As with any goal planning process, we start with the quantitative goal (in this case let's say a 4.0 GPA at the end of HS for my daughter) and then break it down. To get a 4.0 she will need an A in every class. Typically, to get one A, she will need to be able to reproduce 90% of what is required on any sort of graded work for that class (tests, reports, homework). Study.com lists 3 steps to getting the grade: 1) Be motivated. Find something that drives you to get the work done. 2) Stay organized. 3) Develop good study habits. In my view, being organized could easily fall under "good study habits" so there are really only 2 steps. Motivation is a big one so let's procrastinate like we tell our kids not to do and leave that for a future article. Study habits are much more concrete. If we include organization, the good study habit list is something like this:
- Be organized
- Attend class and be on time
- Don't procrastinate
- Break large projects into smaller ones
- Give yourself plenty of time
The common myth about habits is that it takes 21 days to make one. However, the non-anecdotal studies have shown it can take up to 8 months depending on all sorts of factors. Hopefully we can make some progress in 7 years! This buffer also allows us to break down our big project of teaching my daughter study habits into smaller projects. For example, I don't think she will be getting any multi-week homework assignments in 2nd grade requiring her to create a project plan for completion. Also, attending class and being on time are largely out of her control at age 7. Perhaps this year we can work on organization and procrastination.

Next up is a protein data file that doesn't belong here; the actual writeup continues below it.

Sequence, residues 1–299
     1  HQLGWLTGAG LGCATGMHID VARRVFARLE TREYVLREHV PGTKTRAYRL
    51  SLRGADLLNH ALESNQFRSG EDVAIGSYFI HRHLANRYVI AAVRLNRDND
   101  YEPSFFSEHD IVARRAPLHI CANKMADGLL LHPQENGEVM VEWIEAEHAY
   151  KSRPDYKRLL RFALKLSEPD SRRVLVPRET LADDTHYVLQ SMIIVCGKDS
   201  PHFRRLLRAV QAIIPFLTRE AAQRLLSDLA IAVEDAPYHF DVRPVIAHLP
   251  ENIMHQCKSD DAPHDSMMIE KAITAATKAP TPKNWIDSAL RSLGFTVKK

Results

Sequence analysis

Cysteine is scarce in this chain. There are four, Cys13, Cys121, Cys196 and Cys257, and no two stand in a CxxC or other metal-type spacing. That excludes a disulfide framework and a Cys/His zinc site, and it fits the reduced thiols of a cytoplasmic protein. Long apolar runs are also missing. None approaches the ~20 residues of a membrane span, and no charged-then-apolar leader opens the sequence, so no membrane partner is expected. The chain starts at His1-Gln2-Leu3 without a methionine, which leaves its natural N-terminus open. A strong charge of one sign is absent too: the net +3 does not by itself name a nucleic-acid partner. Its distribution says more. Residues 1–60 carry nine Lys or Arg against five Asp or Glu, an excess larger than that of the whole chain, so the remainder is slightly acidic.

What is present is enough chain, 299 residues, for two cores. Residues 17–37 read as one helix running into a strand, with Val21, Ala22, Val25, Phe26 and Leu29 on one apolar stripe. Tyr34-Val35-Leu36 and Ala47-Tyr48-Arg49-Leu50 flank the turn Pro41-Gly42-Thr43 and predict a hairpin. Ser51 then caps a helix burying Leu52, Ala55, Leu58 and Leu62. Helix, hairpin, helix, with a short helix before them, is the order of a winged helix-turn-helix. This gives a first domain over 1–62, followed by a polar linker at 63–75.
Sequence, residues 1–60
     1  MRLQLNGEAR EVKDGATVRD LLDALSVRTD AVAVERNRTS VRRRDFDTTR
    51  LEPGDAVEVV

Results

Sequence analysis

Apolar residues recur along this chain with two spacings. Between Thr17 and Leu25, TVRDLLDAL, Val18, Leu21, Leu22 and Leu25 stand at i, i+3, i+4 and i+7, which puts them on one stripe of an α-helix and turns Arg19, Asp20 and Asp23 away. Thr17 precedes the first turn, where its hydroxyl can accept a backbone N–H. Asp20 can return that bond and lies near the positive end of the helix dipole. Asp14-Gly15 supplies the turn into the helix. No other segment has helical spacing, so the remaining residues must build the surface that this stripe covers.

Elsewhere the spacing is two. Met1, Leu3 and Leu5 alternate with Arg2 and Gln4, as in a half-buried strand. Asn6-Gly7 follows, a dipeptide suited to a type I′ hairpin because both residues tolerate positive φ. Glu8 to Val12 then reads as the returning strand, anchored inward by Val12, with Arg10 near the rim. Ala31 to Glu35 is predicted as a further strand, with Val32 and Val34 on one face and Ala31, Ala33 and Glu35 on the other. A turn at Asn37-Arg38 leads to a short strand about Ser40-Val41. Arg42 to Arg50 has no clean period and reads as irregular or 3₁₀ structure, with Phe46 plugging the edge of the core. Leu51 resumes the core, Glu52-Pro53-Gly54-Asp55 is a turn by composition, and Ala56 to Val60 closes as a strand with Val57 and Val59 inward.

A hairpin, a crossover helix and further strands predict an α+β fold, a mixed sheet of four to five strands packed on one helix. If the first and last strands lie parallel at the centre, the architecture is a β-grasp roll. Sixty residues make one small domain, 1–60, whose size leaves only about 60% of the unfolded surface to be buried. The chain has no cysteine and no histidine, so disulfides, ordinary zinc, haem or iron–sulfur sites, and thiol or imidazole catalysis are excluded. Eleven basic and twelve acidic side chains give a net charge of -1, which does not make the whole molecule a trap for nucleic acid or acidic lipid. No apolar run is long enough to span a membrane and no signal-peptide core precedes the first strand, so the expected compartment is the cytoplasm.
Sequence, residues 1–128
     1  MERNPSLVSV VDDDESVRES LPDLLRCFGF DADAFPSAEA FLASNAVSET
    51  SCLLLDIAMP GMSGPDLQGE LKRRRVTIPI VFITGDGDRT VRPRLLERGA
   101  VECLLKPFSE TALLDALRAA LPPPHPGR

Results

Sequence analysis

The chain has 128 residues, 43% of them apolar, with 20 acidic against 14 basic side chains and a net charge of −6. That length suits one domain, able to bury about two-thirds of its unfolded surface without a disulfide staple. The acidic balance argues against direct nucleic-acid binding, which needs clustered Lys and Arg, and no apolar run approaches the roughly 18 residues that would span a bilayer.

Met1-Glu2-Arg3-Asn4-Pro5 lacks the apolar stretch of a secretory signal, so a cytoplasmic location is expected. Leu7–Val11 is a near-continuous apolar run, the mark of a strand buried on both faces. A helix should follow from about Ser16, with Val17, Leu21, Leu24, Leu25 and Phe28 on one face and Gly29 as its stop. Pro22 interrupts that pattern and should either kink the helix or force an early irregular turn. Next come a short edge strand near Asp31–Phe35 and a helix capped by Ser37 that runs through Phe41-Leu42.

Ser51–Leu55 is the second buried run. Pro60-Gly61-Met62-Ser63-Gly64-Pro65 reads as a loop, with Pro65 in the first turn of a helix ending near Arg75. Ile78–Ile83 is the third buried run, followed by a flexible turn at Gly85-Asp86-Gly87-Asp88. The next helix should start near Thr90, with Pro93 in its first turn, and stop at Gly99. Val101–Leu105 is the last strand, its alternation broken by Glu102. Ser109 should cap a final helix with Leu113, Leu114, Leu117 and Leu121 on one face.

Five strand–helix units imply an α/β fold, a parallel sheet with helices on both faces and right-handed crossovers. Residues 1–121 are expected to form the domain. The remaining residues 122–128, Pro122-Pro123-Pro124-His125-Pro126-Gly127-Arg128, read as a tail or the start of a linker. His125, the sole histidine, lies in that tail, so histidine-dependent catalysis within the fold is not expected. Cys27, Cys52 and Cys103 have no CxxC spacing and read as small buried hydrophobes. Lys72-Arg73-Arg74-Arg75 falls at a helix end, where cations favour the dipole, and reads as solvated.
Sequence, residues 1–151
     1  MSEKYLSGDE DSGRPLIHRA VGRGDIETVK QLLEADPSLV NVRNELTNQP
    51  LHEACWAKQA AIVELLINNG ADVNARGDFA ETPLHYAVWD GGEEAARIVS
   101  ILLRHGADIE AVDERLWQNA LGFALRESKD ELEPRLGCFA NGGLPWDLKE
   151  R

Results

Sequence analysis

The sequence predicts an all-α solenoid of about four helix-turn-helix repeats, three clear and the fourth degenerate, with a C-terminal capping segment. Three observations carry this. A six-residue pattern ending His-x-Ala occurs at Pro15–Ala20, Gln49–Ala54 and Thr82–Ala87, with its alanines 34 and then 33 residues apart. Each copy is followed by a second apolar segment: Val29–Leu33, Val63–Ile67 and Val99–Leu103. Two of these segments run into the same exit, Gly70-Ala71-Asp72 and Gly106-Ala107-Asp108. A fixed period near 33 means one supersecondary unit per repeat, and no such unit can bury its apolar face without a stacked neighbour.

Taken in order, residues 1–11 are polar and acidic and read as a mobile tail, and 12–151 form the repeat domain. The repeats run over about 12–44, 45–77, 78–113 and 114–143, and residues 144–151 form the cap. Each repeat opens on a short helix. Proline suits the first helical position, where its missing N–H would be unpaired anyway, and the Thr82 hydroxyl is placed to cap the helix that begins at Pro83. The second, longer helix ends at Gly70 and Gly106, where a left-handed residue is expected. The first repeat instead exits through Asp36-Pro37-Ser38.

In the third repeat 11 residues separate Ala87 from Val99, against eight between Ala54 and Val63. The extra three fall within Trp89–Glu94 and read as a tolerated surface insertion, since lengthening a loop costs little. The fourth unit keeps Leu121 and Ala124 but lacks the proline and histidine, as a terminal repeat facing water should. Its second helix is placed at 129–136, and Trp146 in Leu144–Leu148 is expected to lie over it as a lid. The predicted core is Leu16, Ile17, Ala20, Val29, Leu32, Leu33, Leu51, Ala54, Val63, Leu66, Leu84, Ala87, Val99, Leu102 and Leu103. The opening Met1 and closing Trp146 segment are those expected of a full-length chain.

We actually started last year with some lessons in being organized mainly because my daughter wanted to be just like her big brother who has a homework pad to keep him on track. She wanted one of her own so we designed and printed one out together. Which reminds me, I need to make an updated one for my son as well! You can see last year's version below. Simple, her own design, easy to use.
Procrastination is a more difficult challenge. Number 5 on the list, piano, is easily her least favorite subject. I think it is because practicing the piano is not a chore that is easy to evaluate. Is it OK to set a time and as long as she is plunking away at the keys she can stop at the end of that time? Apparently not. As Gladwell pointed out, deliberate practice is what is needed to improve. Deliberate practice when it comes to the piano is more qualitative than quantitative so it is harder to judge when enough is enough. So, with that 7 year window in mind, maybe we can work on a better way of encouraging her to stop putting off her piano practice to the end of the day. If we can get past procrastination in the 2nd grade I have high hopes for tackling the rest of the study habits in grade 3!